Whether you are an avid sailor or a recreational boater, being out on the water can be safer and more enjoyable when you know common nautical terms. The language used in the boating world is different from what is used by land lubbers. While it is not necessary to know all of the “salty” language, knowledge of basic terminology can save valuable time in emergency situations.
The term tide is a commonly misused term. Many people mistake currents for tides. The tide is not the inflow and outflow of water as a “change in tides.” The tide is simply the rise and fall of water as a result of the gravitational pull of the moon and the sun. This vertical movement of water is the only movement that is considered a tide.
A current is the horizontal movement of water. Currents have strength and direction. The direction that the current flows is called the set. Its strength is called the drift. A current that flows from south to north is a southerly current because the set of a current is described by the direction that the water is moving towards. This is the opposite way that wind direction is described.
There are a number of types of currents. River currents, upriver from areas affected by tidal currents, vary based on the width and depth of the river. Rainfall can also greatly impact tidal currents. Ocean currents result from constant winds, like the trade winds and prevailing westerlies, as well as the rotation of the earth. Wind-driven currents are caused by temporary weather conditions that cause the surface water to move to the extent that it creates movement.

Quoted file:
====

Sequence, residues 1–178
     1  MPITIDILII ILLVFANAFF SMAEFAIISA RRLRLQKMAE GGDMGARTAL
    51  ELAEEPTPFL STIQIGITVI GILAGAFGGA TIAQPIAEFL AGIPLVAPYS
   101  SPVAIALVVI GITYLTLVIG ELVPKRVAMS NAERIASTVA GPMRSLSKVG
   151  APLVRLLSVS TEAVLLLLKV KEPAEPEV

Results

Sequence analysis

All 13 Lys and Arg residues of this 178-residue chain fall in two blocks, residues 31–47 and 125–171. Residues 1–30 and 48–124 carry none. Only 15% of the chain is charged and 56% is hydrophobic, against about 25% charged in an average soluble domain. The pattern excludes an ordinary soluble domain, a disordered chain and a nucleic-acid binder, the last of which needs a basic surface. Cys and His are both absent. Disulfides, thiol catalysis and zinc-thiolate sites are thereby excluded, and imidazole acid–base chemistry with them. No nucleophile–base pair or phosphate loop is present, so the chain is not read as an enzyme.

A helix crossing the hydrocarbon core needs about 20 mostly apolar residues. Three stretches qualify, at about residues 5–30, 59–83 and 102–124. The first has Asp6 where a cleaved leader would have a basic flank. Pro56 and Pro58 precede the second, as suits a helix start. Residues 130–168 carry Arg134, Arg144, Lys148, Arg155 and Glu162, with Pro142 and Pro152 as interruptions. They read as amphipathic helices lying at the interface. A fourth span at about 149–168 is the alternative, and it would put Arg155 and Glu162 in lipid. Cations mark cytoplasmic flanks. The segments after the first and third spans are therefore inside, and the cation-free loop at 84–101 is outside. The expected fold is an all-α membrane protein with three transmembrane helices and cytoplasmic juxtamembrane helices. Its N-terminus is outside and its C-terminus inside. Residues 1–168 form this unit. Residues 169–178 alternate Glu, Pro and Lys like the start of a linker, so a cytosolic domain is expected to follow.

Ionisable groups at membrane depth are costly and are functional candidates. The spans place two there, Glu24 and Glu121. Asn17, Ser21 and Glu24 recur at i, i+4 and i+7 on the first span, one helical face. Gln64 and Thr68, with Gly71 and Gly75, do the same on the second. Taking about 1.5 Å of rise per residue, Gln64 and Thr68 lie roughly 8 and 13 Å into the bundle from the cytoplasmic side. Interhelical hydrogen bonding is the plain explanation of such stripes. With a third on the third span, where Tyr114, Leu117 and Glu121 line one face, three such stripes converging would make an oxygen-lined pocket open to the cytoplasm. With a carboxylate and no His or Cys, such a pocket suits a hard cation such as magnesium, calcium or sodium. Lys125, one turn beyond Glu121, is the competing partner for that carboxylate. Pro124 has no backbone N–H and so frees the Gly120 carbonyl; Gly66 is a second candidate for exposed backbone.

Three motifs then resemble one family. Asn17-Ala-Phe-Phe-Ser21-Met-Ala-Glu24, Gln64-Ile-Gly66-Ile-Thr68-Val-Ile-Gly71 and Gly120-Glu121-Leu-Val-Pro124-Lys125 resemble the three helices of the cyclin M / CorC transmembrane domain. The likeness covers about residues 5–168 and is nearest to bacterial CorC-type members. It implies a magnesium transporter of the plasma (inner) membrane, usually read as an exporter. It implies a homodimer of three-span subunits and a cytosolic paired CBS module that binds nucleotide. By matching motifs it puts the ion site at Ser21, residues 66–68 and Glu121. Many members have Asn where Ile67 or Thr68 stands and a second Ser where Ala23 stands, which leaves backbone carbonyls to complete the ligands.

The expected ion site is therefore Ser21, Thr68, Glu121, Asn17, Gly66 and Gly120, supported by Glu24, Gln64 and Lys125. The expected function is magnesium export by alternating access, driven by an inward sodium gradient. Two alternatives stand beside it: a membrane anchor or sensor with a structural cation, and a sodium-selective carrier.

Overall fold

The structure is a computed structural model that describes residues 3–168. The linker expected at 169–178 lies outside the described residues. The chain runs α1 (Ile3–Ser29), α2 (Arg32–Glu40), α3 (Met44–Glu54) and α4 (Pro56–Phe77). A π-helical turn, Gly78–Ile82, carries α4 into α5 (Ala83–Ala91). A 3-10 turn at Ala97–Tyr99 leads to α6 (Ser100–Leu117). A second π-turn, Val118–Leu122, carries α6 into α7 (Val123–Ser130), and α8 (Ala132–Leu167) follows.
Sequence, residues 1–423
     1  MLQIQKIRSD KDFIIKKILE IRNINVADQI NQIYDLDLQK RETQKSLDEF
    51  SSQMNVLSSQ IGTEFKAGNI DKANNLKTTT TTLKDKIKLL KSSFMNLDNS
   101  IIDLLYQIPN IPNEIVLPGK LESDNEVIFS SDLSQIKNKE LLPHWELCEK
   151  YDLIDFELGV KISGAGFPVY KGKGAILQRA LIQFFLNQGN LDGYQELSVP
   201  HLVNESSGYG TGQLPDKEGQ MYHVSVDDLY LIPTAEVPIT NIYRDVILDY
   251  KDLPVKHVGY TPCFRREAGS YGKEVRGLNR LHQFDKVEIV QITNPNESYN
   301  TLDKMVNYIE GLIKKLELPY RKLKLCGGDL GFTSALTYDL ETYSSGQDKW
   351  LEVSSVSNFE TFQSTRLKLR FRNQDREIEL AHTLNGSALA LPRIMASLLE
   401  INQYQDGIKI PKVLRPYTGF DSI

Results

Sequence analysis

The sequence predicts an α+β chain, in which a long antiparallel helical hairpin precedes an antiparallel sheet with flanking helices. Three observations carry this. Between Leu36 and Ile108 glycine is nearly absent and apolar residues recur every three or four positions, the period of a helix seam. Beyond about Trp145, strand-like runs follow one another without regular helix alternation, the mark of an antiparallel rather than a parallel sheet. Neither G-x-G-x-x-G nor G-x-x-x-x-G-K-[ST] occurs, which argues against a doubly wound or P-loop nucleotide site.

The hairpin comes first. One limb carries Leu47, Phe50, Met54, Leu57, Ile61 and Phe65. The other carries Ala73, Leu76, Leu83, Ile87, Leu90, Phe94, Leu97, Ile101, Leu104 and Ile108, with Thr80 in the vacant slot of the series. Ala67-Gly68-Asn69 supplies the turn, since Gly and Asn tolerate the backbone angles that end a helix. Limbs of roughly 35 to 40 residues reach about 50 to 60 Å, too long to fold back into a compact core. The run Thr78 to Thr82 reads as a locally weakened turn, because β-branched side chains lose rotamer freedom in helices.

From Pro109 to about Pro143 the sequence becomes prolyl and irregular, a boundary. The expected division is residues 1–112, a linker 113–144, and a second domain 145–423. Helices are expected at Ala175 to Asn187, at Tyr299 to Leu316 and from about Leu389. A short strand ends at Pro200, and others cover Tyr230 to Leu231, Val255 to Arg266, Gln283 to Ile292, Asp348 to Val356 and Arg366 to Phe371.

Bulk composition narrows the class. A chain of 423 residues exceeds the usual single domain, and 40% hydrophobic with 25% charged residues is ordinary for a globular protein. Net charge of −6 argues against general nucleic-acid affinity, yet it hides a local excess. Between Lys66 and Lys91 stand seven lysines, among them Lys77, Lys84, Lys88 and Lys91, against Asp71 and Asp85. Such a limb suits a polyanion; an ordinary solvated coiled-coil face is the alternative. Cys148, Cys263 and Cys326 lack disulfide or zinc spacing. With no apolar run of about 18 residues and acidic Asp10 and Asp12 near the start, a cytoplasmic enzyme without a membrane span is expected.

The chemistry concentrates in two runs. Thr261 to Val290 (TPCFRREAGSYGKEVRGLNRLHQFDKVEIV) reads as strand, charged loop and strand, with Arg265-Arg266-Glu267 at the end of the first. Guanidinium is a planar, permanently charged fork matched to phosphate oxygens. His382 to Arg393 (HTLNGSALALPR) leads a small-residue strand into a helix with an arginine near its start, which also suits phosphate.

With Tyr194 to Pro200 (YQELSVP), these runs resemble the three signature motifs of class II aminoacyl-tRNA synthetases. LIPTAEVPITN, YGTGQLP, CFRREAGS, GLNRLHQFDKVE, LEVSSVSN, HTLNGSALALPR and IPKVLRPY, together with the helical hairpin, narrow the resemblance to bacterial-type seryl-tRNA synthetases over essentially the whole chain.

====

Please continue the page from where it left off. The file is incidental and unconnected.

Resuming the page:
Combining the two, a tidal current, describes the flow that results from the influence of tides. An incoming tidal current is moving, or running, towards the shore. This is often referred to as a flood, or “flood tide.” The outgoing movement, or retreat of the tidal current, is called the ebb. Slack tide is the period of time between flood and ebb currents is when there is no flow in either direction.
Range is the difference between the height of the high water and low water. The range can differ day to day as the gravitational pull of both the sun and moon change. A spring tide occurs during a full or new moon, increasing the range. Neap tides occur at quarter moons and have a lesser range than other tides.